Plans for the new works at Tamworth airport are expected to go on public display within a week or two, showing airport users just what they’re going to get for what they will be paying for.
In its current operational plan, put out for public scrutiny months ago, Tamworth Regional Council detailed the next stage of works at the airport, the total $4.2 million in works planned there, and the suggestion that parking fees would be introduced.
At this stage though, it is only short-term parkers who want to be closest to the terminal to park and then fly who will pay.
They will get their first hour free, pay $2.50 an hour to a maximum of $15 a day and a maximum of $65 a week.
Longer-term parkers who put their cars further away from the terminal will still have free parking, although that might change in a couple of years.
But the fees will not be introduced until the upgrade works are completed – meaning we don’t pay for it until we get it.
As part of the upgrade, there’s $900,000 to be spent improving the car parking.
The works will see short-term and long- term parking spaces increased, a covered walkway built from the rear car park near the QantasLink administration building to the terminal, a new terminal roadside, and a new set- down and pick-up zone.
The plans were first flagged a couple of years ago but TRC is moving on them now because the urgency has increased as the car parking becomes a premium battle with more long-term parkers, particularly from fly-in, fly-out mining resources workers and allied consultants and industry executives, who are using the parking more.
Acting mayor Russell Webb yesterday admitted TRC would probably cop some flak over the introduction of car parking fees, but he has defended the move as necessary and valid.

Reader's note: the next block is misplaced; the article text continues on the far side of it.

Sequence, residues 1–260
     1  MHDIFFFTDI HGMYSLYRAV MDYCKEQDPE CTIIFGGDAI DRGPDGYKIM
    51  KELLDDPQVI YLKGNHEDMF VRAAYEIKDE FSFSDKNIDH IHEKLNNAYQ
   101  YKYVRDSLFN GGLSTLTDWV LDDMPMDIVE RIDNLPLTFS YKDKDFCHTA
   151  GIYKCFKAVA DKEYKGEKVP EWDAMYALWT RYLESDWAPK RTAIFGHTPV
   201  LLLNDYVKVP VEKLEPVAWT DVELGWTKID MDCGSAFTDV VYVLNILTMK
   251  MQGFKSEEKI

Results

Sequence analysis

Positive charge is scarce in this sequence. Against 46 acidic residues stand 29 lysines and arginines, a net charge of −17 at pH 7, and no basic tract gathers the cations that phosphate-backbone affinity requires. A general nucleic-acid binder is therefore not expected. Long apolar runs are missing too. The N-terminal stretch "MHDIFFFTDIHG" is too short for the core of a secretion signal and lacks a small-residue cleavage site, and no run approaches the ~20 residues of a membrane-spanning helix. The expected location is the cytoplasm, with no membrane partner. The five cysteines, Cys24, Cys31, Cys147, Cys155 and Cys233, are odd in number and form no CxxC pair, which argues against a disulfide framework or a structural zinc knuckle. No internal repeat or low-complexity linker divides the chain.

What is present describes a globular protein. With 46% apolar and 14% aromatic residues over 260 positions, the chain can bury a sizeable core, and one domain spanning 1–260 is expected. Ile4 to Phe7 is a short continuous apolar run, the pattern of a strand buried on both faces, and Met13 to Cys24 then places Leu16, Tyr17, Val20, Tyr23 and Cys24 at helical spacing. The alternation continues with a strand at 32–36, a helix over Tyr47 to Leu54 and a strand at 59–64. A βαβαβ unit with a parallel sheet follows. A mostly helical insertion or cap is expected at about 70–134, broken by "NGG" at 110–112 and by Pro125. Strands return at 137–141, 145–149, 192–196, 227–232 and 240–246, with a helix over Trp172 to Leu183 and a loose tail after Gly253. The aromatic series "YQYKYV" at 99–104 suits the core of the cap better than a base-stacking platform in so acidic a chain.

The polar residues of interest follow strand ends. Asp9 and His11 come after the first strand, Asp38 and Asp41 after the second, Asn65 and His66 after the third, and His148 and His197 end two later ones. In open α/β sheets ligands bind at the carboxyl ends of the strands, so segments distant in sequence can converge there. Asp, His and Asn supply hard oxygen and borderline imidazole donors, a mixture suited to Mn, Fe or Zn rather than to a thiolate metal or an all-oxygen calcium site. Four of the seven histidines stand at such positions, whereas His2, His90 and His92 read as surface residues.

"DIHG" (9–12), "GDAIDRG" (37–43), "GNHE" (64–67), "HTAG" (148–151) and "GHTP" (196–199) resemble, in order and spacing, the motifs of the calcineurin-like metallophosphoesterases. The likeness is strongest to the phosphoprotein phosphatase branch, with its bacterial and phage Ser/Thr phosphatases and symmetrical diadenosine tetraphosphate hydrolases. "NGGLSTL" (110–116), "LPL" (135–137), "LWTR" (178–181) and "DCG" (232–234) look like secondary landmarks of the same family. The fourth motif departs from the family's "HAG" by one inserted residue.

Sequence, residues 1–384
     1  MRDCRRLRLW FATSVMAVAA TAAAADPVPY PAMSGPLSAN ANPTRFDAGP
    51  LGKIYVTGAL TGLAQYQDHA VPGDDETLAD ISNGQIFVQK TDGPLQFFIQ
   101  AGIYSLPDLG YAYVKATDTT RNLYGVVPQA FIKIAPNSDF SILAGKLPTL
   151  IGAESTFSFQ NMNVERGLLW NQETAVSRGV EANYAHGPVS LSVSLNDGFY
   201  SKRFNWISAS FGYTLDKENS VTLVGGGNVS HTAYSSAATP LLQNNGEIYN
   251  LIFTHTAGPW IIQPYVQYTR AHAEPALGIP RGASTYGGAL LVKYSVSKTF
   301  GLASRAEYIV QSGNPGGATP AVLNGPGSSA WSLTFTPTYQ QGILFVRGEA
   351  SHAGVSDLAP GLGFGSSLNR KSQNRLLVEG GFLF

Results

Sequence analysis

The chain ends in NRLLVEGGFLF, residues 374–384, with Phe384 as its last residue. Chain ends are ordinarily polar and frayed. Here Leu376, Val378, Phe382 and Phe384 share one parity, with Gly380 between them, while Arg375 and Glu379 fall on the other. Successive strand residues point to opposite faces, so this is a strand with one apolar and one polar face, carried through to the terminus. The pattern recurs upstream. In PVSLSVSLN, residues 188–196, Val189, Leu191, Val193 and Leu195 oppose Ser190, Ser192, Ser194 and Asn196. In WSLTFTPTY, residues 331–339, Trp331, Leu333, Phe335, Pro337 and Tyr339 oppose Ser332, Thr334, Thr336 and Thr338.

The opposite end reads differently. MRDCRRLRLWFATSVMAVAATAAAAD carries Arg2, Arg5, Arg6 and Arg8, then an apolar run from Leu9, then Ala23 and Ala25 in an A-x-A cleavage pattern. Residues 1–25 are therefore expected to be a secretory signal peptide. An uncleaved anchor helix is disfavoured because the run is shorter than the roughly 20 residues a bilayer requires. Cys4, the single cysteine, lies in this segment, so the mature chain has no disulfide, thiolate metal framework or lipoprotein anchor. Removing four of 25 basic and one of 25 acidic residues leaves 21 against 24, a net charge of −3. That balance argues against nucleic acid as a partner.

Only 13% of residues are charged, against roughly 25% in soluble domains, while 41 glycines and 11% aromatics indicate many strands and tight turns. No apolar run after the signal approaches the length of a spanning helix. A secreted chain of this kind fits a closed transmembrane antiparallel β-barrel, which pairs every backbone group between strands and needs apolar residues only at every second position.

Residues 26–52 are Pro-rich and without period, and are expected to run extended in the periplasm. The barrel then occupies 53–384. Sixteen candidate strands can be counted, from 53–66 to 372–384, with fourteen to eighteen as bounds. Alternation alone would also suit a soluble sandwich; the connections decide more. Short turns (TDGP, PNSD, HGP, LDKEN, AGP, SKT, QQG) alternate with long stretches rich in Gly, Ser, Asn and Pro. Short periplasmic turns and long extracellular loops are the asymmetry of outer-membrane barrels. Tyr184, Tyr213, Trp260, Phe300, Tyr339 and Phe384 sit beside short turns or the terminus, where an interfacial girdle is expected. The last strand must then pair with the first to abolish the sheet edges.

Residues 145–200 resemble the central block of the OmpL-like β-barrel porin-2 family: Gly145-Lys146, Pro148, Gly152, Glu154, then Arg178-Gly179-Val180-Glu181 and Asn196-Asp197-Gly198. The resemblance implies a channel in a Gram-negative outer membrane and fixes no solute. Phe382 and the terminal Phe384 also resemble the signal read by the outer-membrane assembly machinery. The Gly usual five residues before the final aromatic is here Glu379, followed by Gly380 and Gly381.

Both he and TRC business manager John Sommerlad argue that long-term parkers, some of them for days and even weeks, are occupying spaces near the terminal, clogging the area and making life more difficult for short-term users.
Mr Sommerlad said yesterday the fees would support the capital costs of keeping the airport one of the big infrastructure assets of the city.
He said other regional airports, such as Dubbo, Wagga Wagga, Albury, Coffs Harbour and Ballina, all had paid parking.
“The proposal includes adding car parks. We will have 20 additional parks in the short-term parking area and another 70 in the long-term parking area and we will expand that long-term parking with another additional 140 car parks,” Mr Sommerlad said.
“The initial plan is to remove that old generator building and extend the car park there.”
The initial entry to the main park will be off Basil Brown Dr, opposite the QantasLink administration building, and it will have boom gates.
The road at the front of the terminal building will be changed. The set-down and pick-up zones will be moved along from the front of the terminal towards the big hangars and old control tower building.
Mr Sommerlad said he expected the plans to go on public exhibition for community comment within a week or so and that TRC hoped to start the first construction works before Christmas.
The fees will only come into operation when the works are done and airport users are using the new, upgraded facilities.